The compulsive programmer is usually a superb technician, moreover, one who knows every detail of the computer he works on, its peripheral equipment, the computer’s operating system, etc. He is often tolerated around computer centers because of his knowledge of the system and because he can write small subsystem programs quickly, that is, in one or two sessions of, say, twenty hours each. After a time, the center may in fact be using a number of his programs. But because the compulsive programmer can hardly be motivated to do anything but program, he will almost never document his programs once he stops working on them. A center may therefore come to depend on him to teach the use of, and to maintain, the programs that he wrote and whose structure only he, if anyone, understands. His position is rather like that of a bank employee who doesn’t do much for the bank, but who is kept on because only he knows the combination to the safe. His main interest is, in any case, not in small programs, but in very large, very ambitions systems of programs. Usually the systems he undertakes to build, and on which he works feverishly for perhaps a month or two or three, have very grandiose but extremely imprecisely stated goals. Some examples of these ambitions are: new computer languages to facilitate man-machine communication; a general system that can be taught to play any board game; a system to make it easier for computer experts to write super-systems (this last is a favorite). It is characteristic of many such projects that the programmer can long continue in the conviction that they demand knowledge about nothing but computers, programming, etc. And that knowledge he, of course, commands in abundance. Indeed, the point at which such work is often abandoned is precisely when it ceases to be purely incestuous, i.e., when programming would have to be interrupted in order that knowledge from outside the computer may be acquired.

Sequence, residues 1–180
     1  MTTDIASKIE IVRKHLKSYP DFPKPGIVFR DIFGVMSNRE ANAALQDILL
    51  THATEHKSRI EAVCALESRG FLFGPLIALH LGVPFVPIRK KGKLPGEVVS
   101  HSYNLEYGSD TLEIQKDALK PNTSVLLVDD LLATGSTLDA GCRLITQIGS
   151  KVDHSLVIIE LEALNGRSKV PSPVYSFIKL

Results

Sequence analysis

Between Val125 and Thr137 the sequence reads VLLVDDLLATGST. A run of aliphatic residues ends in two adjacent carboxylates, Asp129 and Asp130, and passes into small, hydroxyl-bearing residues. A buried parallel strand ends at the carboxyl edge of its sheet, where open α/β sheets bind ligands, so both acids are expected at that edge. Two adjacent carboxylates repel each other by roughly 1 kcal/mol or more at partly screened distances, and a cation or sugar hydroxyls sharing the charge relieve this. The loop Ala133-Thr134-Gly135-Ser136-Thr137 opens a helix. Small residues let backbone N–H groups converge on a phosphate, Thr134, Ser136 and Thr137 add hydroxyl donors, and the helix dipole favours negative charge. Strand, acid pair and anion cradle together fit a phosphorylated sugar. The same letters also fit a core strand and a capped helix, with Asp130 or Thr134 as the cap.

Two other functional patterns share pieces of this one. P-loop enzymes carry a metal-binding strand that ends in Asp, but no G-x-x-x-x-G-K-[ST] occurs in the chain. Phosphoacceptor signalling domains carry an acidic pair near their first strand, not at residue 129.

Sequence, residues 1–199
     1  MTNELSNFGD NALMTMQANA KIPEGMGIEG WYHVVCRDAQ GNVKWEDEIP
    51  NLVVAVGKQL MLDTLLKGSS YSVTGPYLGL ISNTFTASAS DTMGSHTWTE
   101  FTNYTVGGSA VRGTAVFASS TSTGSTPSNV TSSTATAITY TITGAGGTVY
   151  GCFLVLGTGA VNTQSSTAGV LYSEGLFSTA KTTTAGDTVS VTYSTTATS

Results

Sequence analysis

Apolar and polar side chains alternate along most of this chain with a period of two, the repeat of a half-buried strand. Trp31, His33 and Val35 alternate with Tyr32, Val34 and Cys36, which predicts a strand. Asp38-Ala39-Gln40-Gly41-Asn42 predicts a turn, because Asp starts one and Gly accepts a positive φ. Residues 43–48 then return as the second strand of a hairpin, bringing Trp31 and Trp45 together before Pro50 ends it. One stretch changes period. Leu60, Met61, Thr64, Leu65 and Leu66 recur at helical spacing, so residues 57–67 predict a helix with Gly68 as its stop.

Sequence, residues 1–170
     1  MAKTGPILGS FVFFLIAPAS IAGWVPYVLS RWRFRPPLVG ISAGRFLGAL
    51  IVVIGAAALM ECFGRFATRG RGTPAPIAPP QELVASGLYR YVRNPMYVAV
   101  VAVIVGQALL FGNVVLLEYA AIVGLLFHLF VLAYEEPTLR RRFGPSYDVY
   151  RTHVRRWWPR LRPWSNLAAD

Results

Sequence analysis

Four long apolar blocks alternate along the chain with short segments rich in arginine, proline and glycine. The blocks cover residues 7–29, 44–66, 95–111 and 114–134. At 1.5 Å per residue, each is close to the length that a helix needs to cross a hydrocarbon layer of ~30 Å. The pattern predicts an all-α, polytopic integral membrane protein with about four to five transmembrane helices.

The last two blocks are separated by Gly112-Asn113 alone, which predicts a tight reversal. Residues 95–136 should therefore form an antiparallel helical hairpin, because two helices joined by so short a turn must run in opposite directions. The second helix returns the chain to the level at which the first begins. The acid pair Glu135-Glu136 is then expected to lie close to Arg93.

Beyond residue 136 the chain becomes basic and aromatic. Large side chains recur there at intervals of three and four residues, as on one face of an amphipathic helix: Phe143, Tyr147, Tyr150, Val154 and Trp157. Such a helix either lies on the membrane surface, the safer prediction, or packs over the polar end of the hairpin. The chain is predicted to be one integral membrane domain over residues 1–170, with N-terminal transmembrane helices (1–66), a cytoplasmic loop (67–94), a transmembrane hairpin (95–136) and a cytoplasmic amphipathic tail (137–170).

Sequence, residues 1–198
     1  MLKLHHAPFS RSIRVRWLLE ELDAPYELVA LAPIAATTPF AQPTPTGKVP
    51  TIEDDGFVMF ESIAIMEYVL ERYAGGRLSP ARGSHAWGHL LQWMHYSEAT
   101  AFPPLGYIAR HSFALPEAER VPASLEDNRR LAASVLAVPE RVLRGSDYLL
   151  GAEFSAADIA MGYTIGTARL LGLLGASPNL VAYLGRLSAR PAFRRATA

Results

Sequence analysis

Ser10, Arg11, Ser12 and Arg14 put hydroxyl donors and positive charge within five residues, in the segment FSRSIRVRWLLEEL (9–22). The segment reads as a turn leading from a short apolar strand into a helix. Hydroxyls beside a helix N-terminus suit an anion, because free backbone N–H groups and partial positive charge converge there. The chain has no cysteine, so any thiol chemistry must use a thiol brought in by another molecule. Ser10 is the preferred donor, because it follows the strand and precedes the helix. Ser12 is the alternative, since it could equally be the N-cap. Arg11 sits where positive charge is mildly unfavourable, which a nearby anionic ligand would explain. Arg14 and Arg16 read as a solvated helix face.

Unlike the professional, the compulsive programmer cannot attend to other tasks, not even to tasks closely related to his program, during periods when he is not actually operating the computer. He can barely tolerate being away from the machine. But when he is nevertheless forced by circumstances to be separated from it, at least he has his computer printouts with him. He studies them, he talks about them to anyone who will listen—though, of course, no one else can understand them. Indeed, while in the grip of his compulsion, he can talk of nothing but his program. But the only time he is, so to say, happy is when he is at the computer console. Then he will not converse with anyone but the computer. We will soon see what they converse about.
The compulsive programmer spends all the time he can working on one of his big projects. “Working” is not the word he uses; he calls what he does “hacking.” To hack is, according to the dictionary, “to cut irregularly, without skill or definite purpose; to mangle by or as if by repeated strokes of a cutting instrument.” I have already said that the compulsive programmer, or hacker as he calls himself, is usually a superb technician. It seems therefore that he is not “without skill” as the definition would have it. But the definition fits in the deeper sense that the hacker is “without definite purpose”: he cannot set before himself a clearly defined long-term goal and a plan for achieving it, for he has only technique, not knowledge. He has nothing he can analyze or synthesize; in short, he has nothing to form theories about. His skill is therefore aimless, even disembodied. It is simply not connected with anything other than the instrument on which it may be exercised. His skill is like that of a monastic copyist who, though illiterate, is a first-rate calligrapher. His grandiose projects must therefore necessarily have the quality of illusions, indeed, of illusions of grandeur. He will construct the one grand system in which all other experts will soon write their systems.